Cottontails Need Young Forest
Scientific research has shown that to have a variety of wildlife, we must have a variety of habitats -- including some young, regrowing forest.
Biologists call the kind of habitat that New England cottontails need “early successional” – other names for this and several closely related habitat types include thicket, shrubland, and young forest.
In the past, wildfires, insect outbreaks, windstorms, and widespread beaver activity created an ebb and flow of thousands of acres of young forest across the land. Native Americans set fires to clear land for growing crops and to spur the growth of green vegetation that fed the animals they hunted. When Europeans arrived, they cut down forests for lumber and to open up areas for farming. Throughout the settlement period, New England cottontails continued to occupy shrubby swamps, and they thrived in logged-off areas as well as lightly grazed pastures and places where agriculture had proven unproductive and farming had ceased.
In the late nineteenth and the early twentieth centuries, many farms in New England and New York were abandoned as people moved to cities or migrated to regions where the soil was better for agriculture. Shrubs and trees sprouted in the old fields and pastures, and young forests began to reclaim the landscape. The native cottontails flourished.
Habitat Loss and Falling Populations
Two major factors have caused a sharp decline in the amount of young forest in New England and the eastern U.S. First, much of the landscape has been covered by humans' development. The second factor is a natural one: As abandoned farmland and brushy woods changed into middle-aged and older forest, they stopped being useful to many wild species, the New England cottontail included.
We now suppress the natural forces that once created big chunks of young forest. We put out fires before they sweep across the land. We prevent beavers from building dams that flood wooded areas and kill older trees. Today, many people oppose the clearcut logging that once gave rise to extensive stands of densely regrowing tree seedlings and sprouts. As a result, we now have an abundance of mature forest in the Northeast. What we lack is enough young, regrowing forest to support the many wild creatures that need this habitat.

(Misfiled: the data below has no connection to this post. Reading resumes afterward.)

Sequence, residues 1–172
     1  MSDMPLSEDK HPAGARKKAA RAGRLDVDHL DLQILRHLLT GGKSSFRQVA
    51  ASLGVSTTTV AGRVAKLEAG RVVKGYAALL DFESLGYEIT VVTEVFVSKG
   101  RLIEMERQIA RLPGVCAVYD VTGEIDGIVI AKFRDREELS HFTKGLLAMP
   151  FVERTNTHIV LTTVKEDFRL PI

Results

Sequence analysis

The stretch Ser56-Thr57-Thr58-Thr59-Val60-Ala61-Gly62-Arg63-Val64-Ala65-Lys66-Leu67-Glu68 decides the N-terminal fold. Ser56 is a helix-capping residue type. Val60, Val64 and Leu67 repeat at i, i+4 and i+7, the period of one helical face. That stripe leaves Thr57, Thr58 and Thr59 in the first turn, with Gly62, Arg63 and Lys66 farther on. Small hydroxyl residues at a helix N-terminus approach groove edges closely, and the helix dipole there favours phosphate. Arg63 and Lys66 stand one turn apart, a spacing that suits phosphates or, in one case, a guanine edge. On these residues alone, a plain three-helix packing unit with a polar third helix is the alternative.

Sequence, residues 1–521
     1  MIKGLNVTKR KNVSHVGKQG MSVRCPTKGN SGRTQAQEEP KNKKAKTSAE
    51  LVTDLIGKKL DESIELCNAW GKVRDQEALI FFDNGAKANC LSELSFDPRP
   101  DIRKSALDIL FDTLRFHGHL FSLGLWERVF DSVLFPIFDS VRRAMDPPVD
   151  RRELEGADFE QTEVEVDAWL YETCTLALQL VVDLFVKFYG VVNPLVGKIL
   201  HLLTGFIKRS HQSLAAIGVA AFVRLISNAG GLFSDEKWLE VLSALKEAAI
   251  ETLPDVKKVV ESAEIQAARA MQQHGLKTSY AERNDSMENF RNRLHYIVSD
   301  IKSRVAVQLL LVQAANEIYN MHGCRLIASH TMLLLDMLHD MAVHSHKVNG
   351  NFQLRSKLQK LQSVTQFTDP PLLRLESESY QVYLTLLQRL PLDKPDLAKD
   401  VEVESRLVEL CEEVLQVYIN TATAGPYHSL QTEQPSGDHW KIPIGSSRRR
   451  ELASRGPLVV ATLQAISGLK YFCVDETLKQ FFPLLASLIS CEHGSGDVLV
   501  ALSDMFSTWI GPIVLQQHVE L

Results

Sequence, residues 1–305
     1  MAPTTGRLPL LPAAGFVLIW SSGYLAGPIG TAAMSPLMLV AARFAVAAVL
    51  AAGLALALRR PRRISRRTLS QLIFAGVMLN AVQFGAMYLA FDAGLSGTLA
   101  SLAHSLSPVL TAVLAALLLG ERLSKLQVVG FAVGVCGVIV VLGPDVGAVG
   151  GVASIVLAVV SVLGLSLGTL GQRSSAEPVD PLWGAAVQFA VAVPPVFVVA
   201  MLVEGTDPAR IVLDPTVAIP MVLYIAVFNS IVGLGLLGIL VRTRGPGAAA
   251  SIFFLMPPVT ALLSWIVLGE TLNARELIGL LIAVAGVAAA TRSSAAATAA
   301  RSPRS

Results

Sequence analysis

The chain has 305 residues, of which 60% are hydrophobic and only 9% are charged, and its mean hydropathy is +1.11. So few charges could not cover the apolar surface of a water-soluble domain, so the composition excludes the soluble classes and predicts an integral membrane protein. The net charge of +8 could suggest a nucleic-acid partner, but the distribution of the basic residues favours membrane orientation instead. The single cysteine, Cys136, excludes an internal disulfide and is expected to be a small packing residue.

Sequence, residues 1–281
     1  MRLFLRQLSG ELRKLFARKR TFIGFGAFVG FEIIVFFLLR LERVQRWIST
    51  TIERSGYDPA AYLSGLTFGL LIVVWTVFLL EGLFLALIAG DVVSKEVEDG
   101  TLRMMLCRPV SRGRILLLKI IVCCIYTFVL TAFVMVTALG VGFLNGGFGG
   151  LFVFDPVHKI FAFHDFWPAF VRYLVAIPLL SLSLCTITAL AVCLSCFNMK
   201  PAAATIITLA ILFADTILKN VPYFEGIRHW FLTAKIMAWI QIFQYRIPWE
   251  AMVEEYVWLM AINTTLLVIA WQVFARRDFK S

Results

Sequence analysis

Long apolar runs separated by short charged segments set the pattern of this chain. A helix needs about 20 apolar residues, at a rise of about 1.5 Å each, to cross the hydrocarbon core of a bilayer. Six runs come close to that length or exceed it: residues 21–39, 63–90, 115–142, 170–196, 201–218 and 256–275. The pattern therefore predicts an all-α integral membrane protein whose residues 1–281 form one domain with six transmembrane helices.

Because of habitat loss, the range of the New England cottontail has shrunk by more than 80 percent since the 1960s, and the rabbit population has plummeted accordingly. Today the New England cottontail is considered a wildlife species of greatest conservation need throughout New England, and Maine and New Hampshire have placed it on their endangered species lists.
To help the New England cottontail, conservation partners, including state and federal agencies, towns, land trusts, companies, and private landowners, are actively making and managing habitat. This same habitat is essential to migrating songbirds, game birds like the American woodcock and ruffed grouse, and reptiles such as the black racer and box turtle, to name but a few.
Most land in the Northeast is privately owned, so landowners can help wildlife in a big way by making young forest habitat. Town select boards and conservation commissions can propose habitat projects on municipal lands, and land trusts can make young forest on holdings they manage. When considering a habitat project, consult the Contacts section of this website. You can also get advice from your state’s wildlife agency, the U.S. Fish and Wildlife Service’s Partners for Fish and Wildlife Program, the USDA Natural Resources Conservation Service, or a consulting forester with knowledge of wildlife habitat needs. For some projects, full or partial funding may be available.
Download the non-technical Young Forest Guide to learn how to make habitat for cottontails and other wildlife. Best Management Practices for New England cottontails provide more technical habitat-creation guidelines.